If you see a man approaching with the obvious intent of doing you good, run for your life. Consider pleasures as they depart, not as they come.

-Aristotle
Aristotle

A thing chosen always as an end and never as a means we call absolutely final. Now happiness above all else appears to be absolutely final in this sense, since we always choose it for its own sake and never as a means to something else.

Aristotle
Special care should be taken of the health of the inhabitants, which will depend chiefly on the healthiness of the locality and of the quarter to which they are exposed, and secondly on the use of pure water; this latter point is by no means a secondary consideration. For the elements which we use the most and oftenest for the support of the body contribute most to health, and among those are water and air. Wherefore, in all wise states, if there is want of pure water, and the supply is not all equally good, the drinking water ought to be separated from that which is used for other purposes.
Aristotle

If the consequences are the same it is always better to assume the more limited antecedent, since in things of nature the limited, as being better, is sure to be found, wherever possible, rather than the unlimited.

Aristotle
Every wicked man is in ignorance as to what he ought to do, and from what to abstain, and it is because of error such as this that men become unjust and, in a word, wicked.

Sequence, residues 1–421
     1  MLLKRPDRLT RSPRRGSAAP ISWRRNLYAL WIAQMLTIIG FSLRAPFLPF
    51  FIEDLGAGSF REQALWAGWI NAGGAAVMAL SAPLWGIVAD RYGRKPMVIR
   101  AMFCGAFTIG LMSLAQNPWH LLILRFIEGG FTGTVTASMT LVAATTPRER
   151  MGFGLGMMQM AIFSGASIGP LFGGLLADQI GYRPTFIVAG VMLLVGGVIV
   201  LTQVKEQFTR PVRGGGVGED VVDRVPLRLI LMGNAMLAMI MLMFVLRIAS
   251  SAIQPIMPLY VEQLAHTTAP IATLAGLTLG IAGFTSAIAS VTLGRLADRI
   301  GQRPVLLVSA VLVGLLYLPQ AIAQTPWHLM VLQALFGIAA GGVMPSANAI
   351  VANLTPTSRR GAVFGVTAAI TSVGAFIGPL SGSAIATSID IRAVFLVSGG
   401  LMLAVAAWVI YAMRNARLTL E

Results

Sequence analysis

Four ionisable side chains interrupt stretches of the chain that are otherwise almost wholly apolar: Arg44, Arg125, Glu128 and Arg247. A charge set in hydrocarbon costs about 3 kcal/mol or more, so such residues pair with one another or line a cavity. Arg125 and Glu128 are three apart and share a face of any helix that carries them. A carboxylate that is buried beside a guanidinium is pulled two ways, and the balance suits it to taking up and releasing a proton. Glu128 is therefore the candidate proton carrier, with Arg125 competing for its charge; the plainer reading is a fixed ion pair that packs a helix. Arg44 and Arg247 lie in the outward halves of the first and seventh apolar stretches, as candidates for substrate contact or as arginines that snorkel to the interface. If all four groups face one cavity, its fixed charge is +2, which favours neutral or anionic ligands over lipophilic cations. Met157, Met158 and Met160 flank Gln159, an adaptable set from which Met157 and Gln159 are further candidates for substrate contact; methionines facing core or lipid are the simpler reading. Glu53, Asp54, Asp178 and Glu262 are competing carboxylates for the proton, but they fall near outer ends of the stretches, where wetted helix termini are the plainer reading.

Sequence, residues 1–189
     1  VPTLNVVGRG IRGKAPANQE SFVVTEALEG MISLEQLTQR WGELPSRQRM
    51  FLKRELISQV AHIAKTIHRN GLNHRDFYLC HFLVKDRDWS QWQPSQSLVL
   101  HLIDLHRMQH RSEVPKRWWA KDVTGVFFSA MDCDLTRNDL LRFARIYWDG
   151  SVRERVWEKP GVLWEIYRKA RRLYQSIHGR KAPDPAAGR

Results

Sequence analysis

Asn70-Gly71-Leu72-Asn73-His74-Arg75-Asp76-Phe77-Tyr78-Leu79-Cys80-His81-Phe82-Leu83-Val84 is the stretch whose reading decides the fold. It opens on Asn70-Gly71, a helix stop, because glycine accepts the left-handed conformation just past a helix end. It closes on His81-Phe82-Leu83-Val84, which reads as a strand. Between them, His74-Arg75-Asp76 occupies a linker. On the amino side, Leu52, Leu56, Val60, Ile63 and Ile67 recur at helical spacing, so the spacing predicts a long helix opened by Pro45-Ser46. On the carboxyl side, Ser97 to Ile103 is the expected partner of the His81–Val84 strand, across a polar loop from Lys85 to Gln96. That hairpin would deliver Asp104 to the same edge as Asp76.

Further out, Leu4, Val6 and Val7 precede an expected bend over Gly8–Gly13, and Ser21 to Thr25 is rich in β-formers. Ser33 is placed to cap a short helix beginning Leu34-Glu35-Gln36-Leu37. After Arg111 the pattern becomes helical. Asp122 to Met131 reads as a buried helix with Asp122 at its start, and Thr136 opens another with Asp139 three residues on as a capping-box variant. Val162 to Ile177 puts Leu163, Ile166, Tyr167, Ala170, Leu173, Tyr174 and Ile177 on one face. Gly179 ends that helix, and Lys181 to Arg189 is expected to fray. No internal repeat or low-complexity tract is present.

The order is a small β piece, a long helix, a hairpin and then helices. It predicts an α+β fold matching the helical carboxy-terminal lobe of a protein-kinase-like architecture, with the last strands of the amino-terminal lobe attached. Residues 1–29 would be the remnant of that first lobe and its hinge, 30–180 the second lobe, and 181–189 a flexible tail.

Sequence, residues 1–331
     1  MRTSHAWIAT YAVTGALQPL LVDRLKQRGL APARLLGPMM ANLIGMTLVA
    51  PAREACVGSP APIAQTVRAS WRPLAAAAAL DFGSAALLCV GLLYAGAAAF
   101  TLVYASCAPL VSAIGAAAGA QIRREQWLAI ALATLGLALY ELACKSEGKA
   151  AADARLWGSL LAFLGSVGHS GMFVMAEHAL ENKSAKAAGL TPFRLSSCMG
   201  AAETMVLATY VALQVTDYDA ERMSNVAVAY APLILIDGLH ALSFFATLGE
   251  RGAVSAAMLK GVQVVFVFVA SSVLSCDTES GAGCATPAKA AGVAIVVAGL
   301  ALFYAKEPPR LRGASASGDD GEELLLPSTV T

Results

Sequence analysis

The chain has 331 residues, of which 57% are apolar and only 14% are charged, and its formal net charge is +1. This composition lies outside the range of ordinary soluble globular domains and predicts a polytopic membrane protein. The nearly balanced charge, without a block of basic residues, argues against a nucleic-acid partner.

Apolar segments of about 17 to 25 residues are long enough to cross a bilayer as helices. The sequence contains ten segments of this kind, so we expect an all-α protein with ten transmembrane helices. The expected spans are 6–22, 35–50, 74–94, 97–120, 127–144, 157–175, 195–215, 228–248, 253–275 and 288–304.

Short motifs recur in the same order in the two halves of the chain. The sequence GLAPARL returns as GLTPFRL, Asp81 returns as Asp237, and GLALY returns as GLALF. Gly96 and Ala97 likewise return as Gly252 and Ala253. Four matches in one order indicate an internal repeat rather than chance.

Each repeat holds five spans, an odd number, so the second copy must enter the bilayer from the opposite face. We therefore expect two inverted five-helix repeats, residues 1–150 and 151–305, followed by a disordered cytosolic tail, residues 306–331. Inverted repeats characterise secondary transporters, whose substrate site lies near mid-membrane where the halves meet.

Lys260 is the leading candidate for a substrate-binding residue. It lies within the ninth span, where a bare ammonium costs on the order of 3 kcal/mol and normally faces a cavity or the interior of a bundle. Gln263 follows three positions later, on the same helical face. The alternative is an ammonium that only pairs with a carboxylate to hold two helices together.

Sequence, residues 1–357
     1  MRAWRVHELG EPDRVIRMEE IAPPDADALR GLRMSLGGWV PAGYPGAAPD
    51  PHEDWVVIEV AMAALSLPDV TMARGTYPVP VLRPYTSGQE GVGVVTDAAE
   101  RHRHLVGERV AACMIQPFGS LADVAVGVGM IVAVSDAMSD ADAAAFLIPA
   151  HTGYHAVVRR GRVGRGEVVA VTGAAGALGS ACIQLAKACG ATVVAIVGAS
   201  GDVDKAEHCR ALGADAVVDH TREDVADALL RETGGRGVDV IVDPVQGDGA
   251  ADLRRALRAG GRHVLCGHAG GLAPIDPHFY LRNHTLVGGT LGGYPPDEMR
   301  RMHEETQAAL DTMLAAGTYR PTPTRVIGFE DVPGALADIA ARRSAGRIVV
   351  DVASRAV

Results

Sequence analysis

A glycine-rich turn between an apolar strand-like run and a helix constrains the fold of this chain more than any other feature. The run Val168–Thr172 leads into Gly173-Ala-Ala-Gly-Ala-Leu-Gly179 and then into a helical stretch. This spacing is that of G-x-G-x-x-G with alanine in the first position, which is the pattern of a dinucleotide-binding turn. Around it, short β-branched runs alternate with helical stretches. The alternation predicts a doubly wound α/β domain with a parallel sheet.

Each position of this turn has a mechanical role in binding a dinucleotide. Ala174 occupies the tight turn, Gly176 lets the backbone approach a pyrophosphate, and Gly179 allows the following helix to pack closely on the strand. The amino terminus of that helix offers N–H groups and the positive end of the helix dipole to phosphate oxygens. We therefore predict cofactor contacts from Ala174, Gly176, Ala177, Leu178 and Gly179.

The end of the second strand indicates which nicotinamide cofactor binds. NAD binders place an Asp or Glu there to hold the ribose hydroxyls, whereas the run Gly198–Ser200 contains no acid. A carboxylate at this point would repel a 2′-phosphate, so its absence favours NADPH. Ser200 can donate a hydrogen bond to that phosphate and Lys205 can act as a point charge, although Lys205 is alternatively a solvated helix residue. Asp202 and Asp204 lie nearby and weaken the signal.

Aristotle

Most persons think that a state in order to be happy ought to be large; but even if they are right, they have no idea of what is a large and what a small state.... To the size of states there is a limit, as there is to other things, plants, animals, implements; for none of these retain their natural power when they are too large or too small, but they either wholly lose their nature, or are spoiled.

Aristotle
A democracy is a government in the hands of men of low birth, no property, and vulgar employments.
Aristotle

The best way to avoid envy is to deserve the success you get.

Aristotle
The young are permanently in a state resembling intoxication. Aristotl
Aristotle

Revolutions are not about trifles, but spring from trifles.

Aristotle
If the poor, for example, because they are more in number, divide among themselves the property of the rich,- is not this unjust? . . this law of confiscation clearly cannot be just.